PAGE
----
So, that's that. It was a fun little experiment, and now I have some cool games I can play on my Windows 11 PC. Anybody else ever try things like this? I know it's common to use retro hardware to play retro games, but sometimes I think it's fun to see what retro stuff will run on modern computers. Sometimes it works out, other times not so much. 😂

  • Like 2
  • Thanks 1
Link to comment
Share on other sites

9 hours ago, MCHufnagel said:

I have those games, and a few more, for the PlayStation 1. I play them in an emulator on a dedicated HTPC on a 4k tv. I can really crank the resolution on them and they have native modern controller support.

I have those versions of Asteroids, Centipede and Frogger for the Playstation. I thought about putting an emulator on the PC to play Asteroids, but I may do that for Frogger too, since it has that graphical glitch. Or, I could just hook up my PS2. I can't do 4K with it, but I have component cables and an HDMI adapter that both make it look better than it did originally. I also have a disc that has 30 Atari 2600 Activision games on it. I don't know if that was released for anything else, but I bought it for the PS1 back in the '90s and I love it. I didn't grow up with at 2600, we had a 5200 and a 7800, so I think the PS1 was the first thing I ever played River Raid on.

Edited by scifidude79
  • Like 1
Link to comment
Share on other sites

Very cool, thanks for taking the time to test these. I generally run them on my '98 box, but it's great to know some will function just fine on modern systems. I have a sizable retro '95/'98 era physical PC game collection and may have to experiment with this myself.

  • Like 1
Link to comment
Share on other sites

I have a Windows 98 machine too, but I don't know if it's compatible with my monitor without buying an adapter. It's a somewhat modern mini system, it has DVI out. (it might have VGA too) My monitor only has Display Port or HDMI. Besides that, I just like to see what is and isn't possible on modern machines. I play a variety of old and new games, and I never know what I'm going to be in the mood to play.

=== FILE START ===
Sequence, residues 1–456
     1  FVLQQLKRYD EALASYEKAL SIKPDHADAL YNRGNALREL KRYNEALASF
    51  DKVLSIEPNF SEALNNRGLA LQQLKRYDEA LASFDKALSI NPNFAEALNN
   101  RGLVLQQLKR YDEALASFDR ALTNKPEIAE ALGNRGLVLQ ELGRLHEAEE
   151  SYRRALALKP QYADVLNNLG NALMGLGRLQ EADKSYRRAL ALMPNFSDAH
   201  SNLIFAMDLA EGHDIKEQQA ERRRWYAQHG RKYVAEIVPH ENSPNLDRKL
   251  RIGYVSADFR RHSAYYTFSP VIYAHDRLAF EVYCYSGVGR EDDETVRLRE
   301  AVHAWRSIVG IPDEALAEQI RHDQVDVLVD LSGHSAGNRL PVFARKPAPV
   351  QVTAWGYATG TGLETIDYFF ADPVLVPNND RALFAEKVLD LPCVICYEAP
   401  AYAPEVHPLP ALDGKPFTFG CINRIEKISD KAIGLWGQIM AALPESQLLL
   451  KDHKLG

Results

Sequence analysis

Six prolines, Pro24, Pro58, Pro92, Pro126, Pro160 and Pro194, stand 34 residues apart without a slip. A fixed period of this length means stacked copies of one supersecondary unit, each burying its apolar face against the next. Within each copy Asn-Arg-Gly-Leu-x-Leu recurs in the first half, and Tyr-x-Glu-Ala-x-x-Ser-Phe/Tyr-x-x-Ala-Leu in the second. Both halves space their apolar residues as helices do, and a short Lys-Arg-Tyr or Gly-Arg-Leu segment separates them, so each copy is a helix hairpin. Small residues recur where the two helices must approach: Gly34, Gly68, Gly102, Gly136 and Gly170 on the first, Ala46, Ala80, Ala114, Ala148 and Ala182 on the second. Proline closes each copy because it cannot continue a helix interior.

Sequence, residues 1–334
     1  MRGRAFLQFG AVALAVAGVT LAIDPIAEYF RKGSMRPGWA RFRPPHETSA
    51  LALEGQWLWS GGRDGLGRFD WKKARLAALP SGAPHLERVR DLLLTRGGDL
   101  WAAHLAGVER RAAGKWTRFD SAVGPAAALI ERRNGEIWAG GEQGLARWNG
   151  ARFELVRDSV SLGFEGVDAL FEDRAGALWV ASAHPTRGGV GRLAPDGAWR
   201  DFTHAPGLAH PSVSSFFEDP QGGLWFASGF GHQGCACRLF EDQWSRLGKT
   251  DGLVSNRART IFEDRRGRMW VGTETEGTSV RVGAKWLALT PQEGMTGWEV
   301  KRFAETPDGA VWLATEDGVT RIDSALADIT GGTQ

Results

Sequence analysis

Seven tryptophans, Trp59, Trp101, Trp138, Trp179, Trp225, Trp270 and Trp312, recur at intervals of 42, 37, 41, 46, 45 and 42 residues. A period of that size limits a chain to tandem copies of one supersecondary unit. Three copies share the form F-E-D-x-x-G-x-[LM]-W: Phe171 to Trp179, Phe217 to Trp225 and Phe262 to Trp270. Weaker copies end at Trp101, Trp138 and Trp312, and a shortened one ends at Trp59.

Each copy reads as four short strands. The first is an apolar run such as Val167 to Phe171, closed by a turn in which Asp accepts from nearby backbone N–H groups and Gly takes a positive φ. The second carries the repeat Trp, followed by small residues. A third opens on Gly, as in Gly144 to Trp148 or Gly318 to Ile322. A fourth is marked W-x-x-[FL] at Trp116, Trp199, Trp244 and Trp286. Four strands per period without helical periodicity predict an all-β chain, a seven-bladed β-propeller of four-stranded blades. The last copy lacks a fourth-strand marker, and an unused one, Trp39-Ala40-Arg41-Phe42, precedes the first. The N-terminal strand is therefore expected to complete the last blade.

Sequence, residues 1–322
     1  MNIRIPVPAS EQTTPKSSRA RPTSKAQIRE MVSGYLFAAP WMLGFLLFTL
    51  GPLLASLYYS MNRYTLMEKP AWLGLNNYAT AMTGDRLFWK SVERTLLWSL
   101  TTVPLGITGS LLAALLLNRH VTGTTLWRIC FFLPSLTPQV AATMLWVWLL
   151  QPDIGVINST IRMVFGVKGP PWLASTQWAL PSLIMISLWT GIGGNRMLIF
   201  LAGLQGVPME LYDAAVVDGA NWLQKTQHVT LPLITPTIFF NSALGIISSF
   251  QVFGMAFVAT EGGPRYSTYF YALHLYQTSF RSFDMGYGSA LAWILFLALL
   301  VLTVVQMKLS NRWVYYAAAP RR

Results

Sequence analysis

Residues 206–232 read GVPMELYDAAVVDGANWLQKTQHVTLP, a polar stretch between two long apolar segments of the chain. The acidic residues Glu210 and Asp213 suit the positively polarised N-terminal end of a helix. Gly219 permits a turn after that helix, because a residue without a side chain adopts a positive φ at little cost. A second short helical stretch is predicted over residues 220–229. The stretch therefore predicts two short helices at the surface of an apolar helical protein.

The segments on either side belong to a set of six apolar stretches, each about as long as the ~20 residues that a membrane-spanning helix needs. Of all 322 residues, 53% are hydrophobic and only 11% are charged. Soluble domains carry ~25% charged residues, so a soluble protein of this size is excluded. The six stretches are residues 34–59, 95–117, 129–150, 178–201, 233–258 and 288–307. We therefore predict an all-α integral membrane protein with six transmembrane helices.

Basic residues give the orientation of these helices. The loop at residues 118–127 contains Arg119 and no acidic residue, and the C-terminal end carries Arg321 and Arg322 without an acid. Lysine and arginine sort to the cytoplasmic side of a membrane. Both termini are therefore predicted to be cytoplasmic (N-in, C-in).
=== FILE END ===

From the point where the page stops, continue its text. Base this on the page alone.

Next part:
Edited by scifidude79
Link to comment
Share on other sites

Unfortunately, with this sort of thing, sometimes you end in frustration. Whilst waiting for GOG to apply a 27.5GB patch to Cyberpunk 2077 so I can actually play 🙄 I decided to try another classic late 90s game. It's not an Atari game, but I was looking at my GOG library, which includes the EA DOS classic Theme Park, I remembered I have the later Windows 98 release, Sim Theme Park on CD. So, I decided to pop that CD in and see how it went. The install went great, but I can't get the game to launch on Windows 11. I tried all kinds of compatibility settings and nothing works. It's possible that the game is tied to some Windows 98 .dll file or something that doesn't exist on modern Windows. Since I couldn't troubleshoot the issue, I just uninstalled the game. Though, in hindsight, I probably should have tried launching the game from the command prompt to see what error it gave me.

Link to comment
Share on other sites

Join the conversation

You can post now and register later. If you have an account, sign in now to post with your account.
Note: Your post will require moderator approval before it will be visible.

Reply to this topic...

×   Pasted as rich text.   Paste as plain text instead

  Only 75 emoji are allowed.

×   Your link has been automatically embedded.   Display as a link instead

×   Your previous content has been restored.   Clear editor

×   You cannot paste images directly. Upload or insert images from URL.

  • Recently Browsing   0 members

    • No registered users viewing this page.
  • Create New...